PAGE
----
Sport 11: Spring 1993
And then my grandmother on my father’s side, who set out each day with her face so thickly powdered and cushiony soft, the flesh looked like cumulus cloud: for whom it must have been a trial carrying such a face into the world, or into the house where she lived alongside the long red man who cast his intemperate shadow over her like an inflammable veil, her cornflower eyes never far from anxiety.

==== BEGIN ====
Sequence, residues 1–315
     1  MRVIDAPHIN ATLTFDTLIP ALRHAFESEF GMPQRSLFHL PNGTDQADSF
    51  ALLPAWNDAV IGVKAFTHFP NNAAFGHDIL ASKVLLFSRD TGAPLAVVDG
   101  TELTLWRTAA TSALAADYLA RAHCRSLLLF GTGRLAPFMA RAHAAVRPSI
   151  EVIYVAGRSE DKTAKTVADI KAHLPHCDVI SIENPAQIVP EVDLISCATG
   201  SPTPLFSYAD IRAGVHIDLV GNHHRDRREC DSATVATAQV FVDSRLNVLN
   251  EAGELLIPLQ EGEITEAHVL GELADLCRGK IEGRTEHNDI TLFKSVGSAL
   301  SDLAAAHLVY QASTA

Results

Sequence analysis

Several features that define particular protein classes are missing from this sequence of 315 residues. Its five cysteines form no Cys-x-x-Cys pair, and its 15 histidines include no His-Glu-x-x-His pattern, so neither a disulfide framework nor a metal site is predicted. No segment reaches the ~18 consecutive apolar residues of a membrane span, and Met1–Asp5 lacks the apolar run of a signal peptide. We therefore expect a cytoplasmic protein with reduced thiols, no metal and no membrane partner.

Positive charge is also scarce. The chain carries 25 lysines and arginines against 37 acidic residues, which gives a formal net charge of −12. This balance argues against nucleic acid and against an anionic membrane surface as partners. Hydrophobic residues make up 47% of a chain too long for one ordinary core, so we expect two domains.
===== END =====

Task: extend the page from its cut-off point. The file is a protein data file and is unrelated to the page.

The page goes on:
When she travelled in old age to Paris with her husband, she wrote to me, a child, of the silk scarf she coveted but he would not let her buy. She gave her life to him and watched it dwindle in his hands. I did not mourn her as directly as a bird that died the same year, but her humiliations were graven into me: the scarf, the way we children mocked her when she watered down the apple and orange, the way her face had grown soft, so soft and vague after so much time passed under the scrutiny of her husband—and I have felt the fledgling of her distress flapping in my windpipe.